HE was on the pitch when the final whistle blew. And he won the 'hop ball' which sparked off a chain of movement which culminate in Kevin McManamon's winning the free which Stephen Cluxton nailed to win the All-Ireland.
But is Eamonn Fennell happy with his 2011 lot? Not in the slightest.
Those who fear/hope Dublin's defence of their All-Ireland falls short due to the inevitable vacuuming of hunger are wildly mistaken if Fennell's attitude is typical of those of his team-mates. For a man whose entire inter-county career was once in question over his club situation, his ambition to drive on and achieve more is burning brightly.
"I don't want to be on the bench any more," stated Fennell emphatically yesterday. "My main emphasis is to get back into the starting 15 and last 70 minutes.
"I don't want to be coming on and do a job for five minutes. I don't see the point with being a footballer if you're going to be content with five minutes on the pitch. My overall aim would be to get back into the team."
Having played no part in the 2010 championship due to injury and his club situation, Fennell's appearances this year were a massive relief once his transfer to St Vincent's from O'Toole's was assured and various injuries cleared up.
Now though, he wants more. "One of the main reasons I wasn't involved last year was because I had a hip operation," he explained.
"Getting back early and getting all the training sessions is key for me and getting the work done that is needed to be done, will help me get back.
"I was happy enough to play a role this year and there were more lads behind me that could have done the job that I did.
"But what's the point in being a footballer, if you don't want to be the best you can be?"
In a recent interview, Fennell revealed that Diarmuid Connolly had threatened him with severe punishment had he not won the 70th-minute throw-in against Kieran Donaghy which handed Dublin -- and in particular, Ger Brennan -- a reprieve after giving up a needless free as the match entered its fraught closing stages.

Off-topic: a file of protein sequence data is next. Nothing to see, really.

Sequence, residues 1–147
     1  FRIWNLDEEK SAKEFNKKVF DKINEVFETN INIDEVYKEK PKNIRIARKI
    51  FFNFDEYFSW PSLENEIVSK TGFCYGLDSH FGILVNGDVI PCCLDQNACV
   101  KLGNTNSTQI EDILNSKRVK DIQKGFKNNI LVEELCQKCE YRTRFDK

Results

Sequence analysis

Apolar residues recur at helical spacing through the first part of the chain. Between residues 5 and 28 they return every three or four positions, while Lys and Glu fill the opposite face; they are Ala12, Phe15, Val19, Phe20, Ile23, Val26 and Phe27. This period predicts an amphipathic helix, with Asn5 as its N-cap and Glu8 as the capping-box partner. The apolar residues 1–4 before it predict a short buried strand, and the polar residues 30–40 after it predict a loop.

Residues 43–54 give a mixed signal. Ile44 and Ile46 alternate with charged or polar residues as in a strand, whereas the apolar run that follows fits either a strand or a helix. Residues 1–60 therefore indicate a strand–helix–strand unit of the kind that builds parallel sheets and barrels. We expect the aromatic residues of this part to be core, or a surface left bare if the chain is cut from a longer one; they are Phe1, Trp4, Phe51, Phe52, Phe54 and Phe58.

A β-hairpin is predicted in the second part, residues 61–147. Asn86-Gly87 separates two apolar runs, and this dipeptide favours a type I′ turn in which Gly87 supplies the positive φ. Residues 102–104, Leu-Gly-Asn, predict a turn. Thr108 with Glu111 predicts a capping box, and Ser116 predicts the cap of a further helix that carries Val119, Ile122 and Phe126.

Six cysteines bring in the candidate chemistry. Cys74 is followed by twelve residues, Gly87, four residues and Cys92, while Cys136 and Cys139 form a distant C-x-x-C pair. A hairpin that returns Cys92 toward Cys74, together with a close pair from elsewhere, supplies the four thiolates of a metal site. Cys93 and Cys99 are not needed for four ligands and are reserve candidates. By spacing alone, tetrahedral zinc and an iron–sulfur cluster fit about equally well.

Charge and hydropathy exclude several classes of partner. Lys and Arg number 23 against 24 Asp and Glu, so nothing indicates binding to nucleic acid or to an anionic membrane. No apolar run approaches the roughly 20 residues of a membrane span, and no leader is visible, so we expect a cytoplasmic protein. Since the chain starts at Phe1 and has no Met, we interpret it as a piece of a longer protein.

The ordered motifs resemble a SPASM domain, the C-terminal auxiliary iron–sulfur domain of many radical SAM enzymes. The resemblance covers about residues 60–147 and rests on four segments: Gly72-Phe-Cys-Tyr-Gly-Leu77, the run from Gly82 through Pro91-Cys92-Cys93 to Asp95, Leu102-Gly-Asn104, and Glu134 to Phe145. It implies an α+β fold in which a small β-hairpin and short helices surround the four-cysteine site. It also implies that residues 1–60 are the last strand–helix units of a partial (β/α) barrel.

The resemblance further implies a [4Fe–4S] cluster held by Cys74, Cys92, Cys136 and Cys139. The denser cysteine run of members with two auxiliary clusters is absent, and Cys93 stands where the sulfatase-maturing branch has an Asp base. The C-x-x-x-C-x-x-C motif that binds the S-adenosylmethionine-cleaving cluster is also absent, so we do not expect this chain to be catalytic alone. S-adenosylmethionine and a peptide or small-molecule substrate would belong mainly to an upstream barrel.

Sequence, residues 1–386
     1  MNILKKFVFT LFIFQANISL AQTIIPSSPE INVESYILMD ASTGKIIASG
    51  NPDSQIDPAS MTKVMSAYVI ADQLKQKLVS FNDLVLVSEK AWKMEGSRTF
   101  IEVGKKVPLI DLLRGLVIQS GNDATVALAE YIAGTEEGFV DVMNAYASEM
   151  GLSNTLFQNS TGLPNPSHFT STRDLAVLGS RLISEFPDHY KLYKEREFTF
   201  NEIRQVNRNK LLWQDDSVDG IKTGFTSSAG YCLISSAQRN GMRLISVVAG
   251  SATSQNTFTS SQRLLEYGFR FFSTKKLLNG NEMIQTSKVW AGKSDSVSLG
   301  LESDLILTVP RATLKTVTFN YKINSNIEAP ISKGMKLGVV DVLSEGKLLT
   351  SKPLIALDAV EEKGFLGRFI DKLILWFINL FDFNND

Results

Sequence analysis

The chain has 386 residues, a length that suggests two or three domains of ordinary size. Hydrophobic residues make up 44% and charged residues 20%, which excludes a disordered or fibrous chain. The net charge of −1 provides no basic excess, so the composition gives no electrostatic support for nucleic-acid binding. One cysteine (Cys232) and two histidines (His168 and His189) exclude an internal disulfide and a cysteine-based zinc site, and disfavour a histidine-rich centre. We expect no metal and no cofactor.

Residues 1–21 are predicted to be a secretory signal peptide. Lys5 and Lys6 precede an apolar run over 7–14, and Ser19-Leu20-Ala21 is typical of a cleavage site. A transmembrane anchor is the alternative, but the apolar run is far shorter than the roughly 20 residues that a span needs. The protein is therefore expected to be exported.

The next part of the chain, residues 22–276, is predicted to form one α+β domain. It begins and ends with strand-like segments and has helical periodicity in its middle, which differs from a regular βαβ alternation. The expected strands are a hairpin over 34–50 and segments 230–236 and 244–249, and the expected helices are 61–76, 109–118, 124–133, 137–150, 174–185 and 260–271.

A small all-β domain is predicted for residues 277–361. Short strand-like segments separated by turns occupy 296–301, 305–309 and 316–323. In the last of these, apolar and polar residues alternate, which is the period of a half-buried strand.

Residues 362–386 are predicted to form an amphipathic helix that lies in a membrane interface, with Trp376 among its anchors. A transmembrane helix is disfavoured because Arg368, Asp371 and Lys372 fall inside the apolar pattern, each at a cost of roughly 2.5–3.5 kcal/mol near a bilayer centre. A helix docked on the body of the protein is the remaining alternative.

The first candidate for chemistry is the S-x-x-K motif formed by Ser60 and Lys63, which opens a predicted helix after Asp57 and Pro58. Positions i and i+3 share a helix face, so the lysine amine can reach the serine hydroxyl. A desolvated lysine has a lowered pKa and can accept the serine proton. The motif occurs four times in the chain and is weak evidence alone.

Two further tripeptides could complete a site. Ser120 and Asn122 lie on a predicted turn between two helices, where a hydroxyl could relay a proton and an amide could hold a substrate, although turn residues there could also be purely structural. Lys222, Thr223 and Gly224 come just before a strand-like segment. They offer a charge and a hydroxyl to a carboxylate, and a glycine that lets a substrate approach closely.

"I suppose I was just very lucky to be involved at that time," he said.
"There was Ross McConnell and other lads that could have come and I was just lucky to get the 10 minutes or whatever it was. Ger probably made a stupid mistake. But he'll owe me! I'm sure he'll pay me back in time! It's only when you look back, you realise how important it was."
As for the future, Fennell is ambitious not just with regard to his own status in the team, but also Dublin's continued success.
The Kilkenny hurlers, he says, are the template and Pat Gilroy returning to manage the team for another year, he reckons, is the clearest path.
"All the players wanted him to stay on and the general consensus was that one All-Ireland was great but we want more than one," he insisted.
"We weren't going to get that with players going away and that sort of thing. But Pat knows the commitment of the players and he knows one All-Ireland... the lads want to push for more than one All-Ireland.
"Like the Kilkenny hurlers rather than one of the football teams.
"I think we're all pushing the one direction. There is a massive emphasis on not being happy with one. Every great team over the years -- I know I used the Kilkenny hurlers as an example -- but they're the epitome of what we want to be. I know it's very early to be talking about the team of the decade but we always dreamt of winning an All-Ireland. We achieved that, now let's see what else we can achieve."